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Full text of paper submitted by SEN at Special Meeting of Finance Committee

     Following is the full text of the paper submitted by the Secretary for the Environment, Mr Edward Yau, at the Special Meeting of the Finance Committee of the Legislative Council today (March 25):


     I am delighted to attend the Special Meeting of the Finance Committee today to brief Members on the part of the 2009-10 Estimates which relates to the expenditure on environmental protection, conservation, energy and sustainable development.

     In the 2009-10 financial year, the Environment Bureau (ENB) and departments under our portfolio are allocated about $8.6 billion, representing a net increase of about $2 billion or 30.3% over the revised estimate for last year.

     Of the total allocation of $8.6 billion, the operating expenditure accounts for about $6.4 billion, up $1.4 billion net or 28.7% as compared with the revised estimate for last year.  The additional allocation is mainly to meet the increase in cash flow requirement of the Environmental Protection Department (EPD) to promote early replacement of pre-Euro and Euro I diesel commercial vehicles with new ones that comply with the latest statutory emission standard.  As the quantity of public fill arising from major infrastructure projects are expected to increase, additional allocation will also be provided for the Civil Engineering and Development Department to handle additional quantity of public fill.  As regards the number of posts, there will be a net increase of 22 posts in the ENB and EPD in 2009-10.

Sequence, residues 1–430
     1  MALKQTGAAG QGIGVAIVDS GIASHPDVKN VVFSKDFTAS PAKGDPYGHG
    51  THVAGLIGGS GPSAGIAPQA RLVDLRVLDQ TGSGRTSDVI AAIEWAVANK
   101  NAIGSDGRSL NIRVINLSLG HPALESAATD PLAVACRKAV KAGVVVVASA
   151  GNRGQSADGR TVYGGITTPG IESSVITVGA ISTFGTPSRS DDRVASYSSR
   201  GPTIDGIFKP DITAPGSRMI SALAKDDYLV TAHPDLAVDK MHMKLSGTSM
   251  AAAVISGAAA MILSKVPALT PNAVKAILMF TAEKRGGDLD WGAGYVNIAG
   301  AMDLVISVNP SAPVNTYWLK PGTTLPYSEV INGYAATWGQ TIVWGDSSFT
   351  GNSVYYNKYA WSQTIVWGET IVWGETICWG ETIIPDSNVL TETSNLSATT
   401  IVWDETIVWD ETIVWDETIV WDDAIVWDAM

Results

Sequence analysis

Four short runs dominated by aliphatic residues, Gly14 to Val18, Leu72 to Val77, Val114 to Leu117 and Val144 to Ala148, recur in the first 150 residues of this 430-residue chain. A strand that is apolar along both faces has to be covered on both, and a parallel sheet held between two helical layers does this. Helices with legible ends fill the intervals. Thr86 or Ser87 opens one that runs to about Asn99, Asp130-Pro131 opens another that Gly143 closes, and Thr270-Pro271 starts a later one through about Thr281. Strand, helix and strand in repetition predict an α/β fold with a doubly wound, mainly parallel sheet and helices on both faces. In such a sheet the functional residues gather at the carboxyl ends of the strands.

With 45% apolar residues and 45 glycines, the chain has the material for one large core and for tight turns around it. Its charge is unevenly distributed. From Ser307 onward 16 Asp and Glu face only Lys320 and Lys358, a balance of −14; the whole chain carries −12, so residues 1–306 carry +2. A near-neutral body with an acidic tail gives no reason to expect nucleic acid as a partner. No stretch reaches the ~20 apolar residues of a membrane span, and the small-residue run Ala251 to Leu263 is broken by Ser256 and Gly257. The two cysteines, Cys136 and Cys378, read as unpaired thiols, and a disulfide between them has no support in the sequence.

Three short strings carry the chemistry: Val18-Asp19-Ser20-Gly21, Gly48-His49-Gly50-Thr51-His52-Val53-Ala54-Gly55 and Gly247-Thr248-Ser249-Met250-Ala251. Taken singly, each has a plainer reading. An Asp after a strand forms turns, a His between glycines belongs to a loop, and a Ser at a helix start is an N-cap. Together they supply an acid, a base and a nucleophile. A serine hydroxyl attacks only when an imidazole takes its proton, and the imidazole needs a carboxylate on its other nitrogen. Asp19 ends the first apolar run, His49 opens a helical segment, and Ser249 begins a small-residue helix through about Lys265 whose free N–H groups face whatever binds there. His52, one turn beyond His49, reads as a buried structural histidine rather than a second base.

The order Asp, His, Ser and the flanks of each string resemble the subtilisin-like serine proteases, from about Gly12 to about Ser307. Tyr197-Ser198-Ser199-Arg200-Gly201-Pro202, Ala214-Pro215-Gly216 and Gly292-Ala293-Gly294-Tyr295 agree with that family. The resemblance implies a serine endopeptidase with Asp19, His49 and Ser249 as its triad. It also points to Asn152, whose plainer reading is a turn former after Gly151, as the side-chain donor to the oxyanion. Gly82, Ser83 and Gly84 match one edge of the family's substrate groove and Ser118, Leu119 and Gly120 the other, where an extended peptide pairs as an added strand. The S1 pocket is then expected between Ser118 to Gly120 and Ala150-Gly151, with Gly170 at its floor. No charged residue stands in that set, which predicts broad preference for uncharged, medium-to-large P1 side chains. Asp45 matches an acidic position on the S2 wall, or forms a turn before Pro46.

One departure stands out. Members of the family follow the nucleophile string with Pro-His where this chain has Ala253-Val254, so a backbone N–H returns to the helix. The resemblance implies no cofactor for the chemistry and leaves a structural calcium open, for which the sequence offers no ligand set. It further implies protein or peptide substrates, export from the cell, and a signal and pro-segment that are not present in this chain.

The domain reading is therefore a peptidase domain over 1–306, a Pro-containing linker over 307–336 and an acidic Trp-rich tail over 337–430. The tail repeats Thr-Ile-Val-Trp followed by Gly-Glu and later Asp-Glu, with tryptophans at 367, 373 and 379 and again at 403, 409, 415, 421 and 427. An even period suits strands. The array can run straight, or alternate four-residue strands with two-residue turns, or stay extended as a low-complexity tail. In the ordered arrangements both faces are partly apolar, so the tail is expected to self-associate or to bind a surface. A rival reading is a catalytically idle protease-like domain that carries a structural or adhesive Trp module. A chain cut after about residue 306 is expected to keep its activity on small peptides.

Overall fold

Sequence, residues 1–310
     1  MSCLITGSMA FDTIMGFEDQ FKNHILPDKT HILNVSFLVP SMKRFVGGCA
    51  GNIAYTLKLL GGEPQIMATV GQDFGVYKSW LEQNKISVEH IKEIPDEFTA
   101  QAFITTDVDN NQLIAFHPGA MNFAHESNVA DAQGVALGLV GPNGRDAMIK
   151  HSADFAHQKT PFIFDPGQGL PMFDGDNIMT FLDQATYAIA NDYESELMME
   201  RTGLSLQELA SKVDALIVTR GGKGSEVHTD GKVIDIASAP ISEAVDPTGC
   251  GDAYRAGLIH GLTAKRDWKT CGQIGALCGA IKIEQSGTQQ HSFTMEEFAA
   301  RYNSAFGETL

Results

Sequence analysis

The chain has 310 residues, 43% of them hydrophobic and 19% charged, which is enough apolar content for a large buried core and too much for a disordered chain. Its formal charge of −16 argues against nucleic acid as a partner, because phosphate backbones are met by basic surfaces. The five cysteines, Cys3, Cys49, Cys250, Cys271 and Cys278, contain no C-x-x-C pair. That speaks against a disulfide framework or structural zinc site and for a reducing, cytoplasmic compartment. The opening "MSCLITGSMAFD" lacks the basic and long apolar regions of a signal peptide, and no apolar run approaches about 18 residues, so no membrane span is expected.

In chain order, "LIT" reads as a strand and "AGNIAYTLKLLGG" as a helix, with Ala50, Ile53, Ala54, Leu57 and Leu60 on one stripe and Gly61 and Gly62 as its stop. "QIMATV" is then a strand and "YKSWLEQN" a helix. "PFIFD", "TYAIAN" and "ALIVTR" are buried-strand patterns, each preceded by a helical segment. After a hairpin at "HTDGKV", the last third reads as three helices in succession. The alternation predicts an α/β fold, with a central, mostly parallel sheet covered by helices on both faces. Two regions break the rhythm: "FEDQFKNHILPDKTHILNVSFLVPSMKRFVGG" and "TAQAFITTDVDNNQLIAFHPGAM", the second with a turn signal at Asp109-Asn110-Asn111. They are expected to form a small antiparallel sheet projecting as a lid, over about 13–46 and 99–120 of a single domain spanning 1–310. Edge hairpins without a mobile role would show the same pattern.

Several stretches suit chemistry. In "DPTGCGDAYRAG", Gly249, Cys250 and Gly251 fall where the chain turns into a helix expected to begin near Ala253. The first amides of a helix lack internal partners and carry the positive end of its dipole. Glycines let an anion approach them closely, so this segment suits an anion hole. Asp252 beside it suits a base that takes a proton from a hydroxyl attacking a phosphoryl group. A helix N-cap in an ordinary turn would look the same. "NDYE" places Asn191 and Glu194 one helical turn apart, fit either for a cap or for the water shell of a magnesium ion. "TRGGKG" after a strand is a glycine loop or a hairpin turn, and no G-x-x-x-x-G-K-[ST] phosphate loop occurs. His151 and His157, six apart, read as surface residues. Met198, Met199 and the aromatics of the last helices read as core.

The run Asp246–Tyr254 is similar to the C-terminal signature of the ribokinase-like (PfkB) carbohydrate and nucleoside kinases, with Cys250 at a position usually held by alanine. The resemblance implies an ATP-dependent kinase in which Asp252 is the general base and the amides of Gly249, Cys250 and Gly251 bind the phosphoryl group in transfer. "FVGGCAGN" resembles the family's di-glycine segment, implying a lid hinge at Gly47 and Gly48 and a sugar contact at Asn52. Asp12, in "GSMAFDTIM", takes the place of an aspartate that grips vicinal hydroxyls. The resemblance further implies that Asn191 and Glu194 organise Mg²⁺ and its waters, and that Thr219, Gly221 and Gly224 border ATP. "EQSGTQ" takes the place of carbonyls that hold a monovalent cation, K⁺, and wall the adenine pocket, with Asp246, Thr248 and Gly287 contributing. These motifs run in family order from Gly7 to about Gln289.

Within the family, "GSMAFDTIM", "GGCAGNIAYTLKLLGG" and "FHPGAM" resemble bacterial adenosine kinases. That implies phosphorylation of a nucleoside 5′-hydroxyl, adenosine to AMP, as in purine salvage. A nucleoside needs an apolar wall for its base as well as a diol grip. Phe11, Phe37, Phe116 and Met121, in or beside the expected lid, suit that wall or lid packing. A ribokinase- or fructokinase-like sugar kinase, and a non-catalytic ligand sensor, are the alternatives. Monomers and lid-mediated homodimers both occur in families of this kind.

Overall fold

The provision for capital expenditure in 2009-10 is about $2.2 billion, representing an increase of $0.6 billion or 35.1% as compared with the revised estimate for last year.  This is mainly due to the increased cash flow requirements and commencement of some capital works projects.  Additional allocation will also be provided for the Electrical and Mechanical Services Department to implement energy efficiency and saving projects.

     I will now give a brief outline the work priorities of ENB and EPD in the coming year.

Improving Air Quality

     Improving air quality, which is an area of public concern, sits at the heart of the Government's governing agenda.  We will continue to implement measures to control major sources of pollutant emissions.